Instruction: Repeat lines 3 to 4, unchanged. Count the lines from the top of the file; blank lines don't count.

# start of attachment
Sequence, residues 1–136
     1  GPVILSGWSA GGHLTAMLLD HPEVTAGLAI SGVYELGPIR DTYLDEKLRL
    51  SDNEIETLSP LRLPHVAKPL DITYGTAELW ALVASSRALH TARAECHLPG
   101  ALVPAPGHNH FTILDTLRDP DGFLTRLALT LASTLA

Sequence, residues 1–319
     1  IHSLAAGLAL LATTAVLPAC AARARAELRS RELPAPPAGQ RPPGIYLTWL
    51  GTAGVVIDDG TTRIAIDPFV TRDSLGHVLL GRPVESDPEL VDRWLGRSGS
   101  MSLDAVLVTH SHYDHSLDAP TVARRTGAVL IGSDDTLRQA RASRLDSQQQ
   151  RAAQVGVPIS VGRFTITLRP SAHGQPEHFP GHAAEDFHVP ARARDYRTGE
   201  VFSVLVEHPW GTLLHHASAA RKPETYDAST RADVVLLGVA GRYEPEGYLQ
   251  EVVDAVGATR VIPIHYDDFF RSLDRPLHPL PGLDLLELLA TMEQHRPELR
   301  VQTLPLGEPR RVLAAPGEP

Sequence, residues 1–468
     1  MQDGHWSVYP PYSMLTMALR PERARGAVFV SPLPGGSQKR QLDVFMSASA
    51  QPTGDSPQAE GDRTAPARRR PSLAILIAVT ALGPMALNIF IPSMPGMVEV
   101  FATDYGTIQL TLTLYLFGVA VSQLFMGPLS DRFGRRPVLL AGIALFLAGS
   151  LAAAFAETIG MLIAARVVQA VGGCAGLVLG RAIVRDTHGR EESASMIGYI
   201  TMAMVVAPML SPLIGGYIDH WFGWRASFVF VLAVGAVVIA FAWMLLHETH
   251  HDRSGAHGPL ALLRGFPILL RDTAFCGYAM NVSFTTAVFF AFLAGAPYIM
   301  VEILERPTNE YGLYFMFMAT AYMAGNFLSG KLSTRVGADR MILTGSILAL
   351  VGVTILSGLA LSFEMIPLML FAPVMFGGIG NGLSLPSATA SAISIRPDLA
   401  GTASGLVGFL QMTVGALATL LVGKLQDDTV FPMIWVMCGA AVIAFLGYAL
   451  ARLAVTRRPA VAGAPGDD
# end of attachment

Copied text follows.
    51  SDNEIETLSP LRLPHVAKPL DITYGTAELW ALVASSRALH TARAECHLPG
   101  ALVPAPGHNH FTILDTLRDP DGFLTRLALT LASTLA